16th COVID-19 Death Recorded

Christine Schuyler

A gentleman in his 90s became Chautauqua County’s 16th coronavirus-related death, county officials announced on Tuesday.

In total, 31 new cases were reported to the county. Seven are in the Fredonia zip code, six are in the Jamestown area, three each in Dunkirk and Bemus Point, two each in Lakewood and Brocton and one each in Sherman, Findley Lake, Frewsburg, Falconer, Silver Creek, Forestville, Panama and Celoron.

Seven continue to be hospitalized. Meanwhile, the gentleman who passed away had multiple comorbidities.

The county has recorded 1,379 cases since March.

Public Health Director Christine Schuyler informed county residents during a virtual town hall on Facebook Tuesday that she and her colleagues had submitted their preliminary plan for COVID-19 vaccine distribution to the New York State Department of Health.

“The plan includes information on vaccine storage to the implementation of what we call point of dispensing clinics,” she said, noting that counties were expected to submit their plans by 5 p.m. on Monday.

During the town hall, Schuyler was joined by County Executive PJ Wendel and members of the county’s coronavirus response team, including Dr. Robert Berke, Dr. Michael Faulk and Dr. Brian Walters.

“We are attempting to do mass vaccination in a way that has never been looked at in this country before,” Schuyler said. “There are a lot of unknowns out there and the devil will be in the details, but we have done a lot of the framework for a plan, put it together and submitted it.”

Schuyler also noted that the tentative plan does include drive-through vaccination clinics.

“We are well down the road in the planning stage for when the federal and state governments roll out the vaccine to us at the local level,” she said.

Walters, meanwhile, said he was encouraged by recent news that vaccine trials by Pfizer and Moderna have thus far proved effective.

“It’s even better than we had hoped for,” he said, but noted that vaccines do have various stipulations to ensure their longest possible shelf life.

“They do require some extremely cold temperatures to store these vaccines,” said Walters, one of the county’s medical directors. “As we look forward to having these available it could be challenging with their shelf life.”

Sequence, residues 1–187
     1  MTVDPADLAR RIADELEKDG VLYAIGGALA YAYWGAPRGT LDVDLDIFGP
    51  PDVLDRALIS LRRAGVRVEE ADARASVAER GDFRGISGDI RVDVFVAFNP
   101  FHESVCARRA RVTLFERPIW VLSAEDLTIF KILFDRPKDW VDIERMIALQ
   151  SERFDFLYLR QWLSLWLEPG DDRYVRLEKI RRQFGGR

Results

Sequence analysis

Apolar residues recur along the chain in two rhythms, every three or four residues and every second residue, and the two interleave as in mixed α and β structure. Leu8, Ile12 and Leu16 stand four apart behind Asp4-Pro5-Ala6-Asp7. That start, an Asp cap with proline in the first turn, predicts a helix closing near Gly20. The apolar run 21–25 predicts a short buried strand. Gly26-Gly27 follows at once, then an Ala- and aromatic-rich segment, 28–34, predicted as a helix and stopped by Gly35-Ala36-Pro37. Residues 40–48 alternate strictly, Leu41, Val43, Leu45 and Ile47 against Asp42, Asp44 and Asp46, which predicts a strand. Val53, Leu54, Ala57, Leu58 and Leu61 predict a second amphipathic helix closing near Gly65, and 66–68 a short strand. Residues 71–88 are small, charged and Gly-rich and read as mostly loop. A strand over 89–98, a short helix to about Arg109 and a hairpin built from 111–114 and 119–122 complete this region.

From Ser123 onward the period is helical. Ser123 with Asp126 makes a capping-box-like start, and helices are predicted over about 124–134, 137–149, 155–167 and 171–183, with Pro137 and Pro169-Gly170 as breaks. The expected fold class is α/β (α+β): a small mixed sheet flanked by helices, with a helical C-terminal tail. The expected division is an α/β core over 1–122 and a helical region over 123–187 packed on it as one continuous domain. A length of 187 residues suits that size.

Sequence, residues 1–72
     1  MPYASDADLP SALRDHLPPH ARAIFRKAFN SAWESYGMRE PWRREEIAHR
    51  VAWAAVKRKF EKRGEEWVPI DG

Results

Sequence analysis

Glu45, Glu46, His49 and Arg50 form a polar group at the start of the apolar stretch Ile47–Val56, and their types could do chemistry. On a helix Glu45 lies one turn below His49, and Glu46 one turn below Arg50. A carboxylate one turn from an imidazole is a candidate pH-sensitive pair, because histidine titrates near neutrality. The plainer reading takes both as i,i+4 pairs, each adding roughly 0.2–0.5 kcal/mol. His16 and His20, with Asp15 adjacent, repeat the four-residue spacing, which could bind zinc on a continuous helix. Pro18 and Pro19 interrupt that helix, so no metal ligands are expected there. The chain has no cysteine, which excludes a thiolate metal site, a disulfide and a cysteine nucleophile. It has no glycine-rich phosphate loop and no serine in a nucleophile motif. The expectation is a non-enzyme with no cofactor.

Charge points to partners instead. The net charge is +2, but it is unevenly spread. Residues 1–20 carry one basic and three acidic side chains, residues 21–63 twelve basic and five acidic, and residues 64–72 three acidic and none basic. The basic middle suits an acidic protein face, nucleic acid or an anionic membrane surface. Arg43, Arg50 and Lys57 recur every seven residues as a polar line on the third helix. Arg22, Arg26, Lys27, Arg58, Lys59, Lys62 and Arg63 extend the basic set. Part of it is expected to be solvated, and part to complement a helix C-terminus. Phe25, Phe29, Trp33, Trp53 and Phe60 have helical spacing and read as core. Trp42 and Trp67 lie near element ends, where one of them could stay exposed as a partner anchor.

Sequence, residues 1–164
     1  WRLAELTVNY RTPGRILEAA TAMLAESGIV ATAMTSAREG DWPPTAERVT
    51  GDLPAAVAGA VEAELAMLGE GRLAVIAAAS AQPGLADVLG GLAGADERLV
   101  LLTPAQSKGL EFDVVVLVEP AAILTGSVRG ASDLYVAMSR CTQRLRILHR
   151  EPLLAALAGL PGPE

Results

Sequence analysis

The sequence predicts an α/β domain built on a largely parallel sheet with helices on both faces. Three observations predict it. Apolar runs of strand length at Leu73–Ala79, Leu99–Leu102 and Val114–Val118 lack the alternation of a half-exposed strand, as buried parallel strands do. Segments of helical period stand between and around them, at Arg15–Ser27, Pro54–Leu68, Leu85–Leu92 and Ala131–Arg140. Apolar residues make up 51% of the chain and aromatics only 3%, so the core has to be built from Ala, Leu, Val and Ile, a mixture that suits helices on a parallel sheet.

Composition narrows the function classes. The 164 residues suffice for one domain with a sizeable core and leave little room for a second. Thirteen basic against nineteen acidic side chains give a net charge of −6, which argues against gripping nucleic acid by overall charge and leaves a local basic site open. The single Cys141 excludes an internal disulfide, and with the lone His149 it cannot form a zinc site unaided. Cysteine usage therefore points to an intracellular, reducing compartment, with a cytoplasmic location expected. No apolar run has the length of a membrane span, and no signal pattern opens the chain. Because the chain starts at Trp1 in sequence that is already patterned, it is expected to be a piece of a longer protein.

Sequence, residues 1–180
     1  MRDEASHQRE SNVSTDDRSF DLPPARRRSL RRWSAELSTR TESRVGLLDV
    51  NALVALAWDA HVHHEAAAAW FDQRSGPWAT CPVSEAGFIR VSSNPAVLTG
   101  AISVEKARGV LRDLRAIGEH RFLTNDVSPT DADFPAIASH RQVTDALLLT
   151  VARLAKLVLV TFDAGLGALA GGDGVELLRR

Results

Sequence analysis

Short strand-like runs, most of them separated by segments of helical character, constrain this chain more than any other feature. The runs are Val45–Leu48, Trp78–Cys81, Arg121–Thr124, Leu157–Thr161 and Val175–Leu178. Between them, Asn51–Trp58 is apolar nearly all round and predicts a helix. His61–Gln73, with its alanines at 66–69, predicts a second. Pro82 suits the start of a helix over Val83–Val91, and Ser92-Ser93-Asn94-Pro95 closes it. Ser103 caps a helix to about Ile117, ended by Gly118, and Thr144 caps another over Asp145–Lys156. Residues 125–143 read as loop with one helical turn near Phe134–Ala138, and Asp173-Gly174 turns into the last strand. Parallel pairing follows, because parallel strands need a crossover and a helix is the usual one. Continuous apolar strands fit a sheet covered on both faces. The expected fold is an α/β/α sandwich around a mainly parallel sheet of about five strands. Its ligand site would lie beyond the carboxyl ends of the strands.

He did also note that two doses would be necessary 28 days apart.

“Even with ramping up production to produce 20 million doses per month, it’s only enough to cover 10 million people,” added Walters. “All the people across U.S. and world, we need a large amount of vaccine to have everybody vaccinated and get everybody to the herd immunity we’ve talked about for months.”

In the meantime, both he and Berke encouraged residents to continue social distancing measures.

“It’s still going to take us time to get that vaccine delivered,” Walters said. “We need to remember to continue our distancing practices, wearing masks and that becomes so important. We’ve done such a good job of keeping our numbers down thus far and we need to do that going forward.”

“Chautauqua County has been stringent in their adherence to mask wearing for the most part and being careful, we’re running at very low positivity rates,” added Berke. “You look out west, they’re running at 60% positivity rates. They did not institute mask wearing for everybody else.”

“We need to continue no social gatherings, wear masks and be smart with it,” he added. “We’re looking at four to six months of this until the vaccine comes en masse. … Let’s hunker down for another four to six months and get over this. We’re doing a great job. We just need to keep our head down.”

In neighboring Cattaraugus County, health officials reported that there are 117 active cases of the novel coronavirus and 613 total since March. There have been 474 recoveries and 22 deaths.


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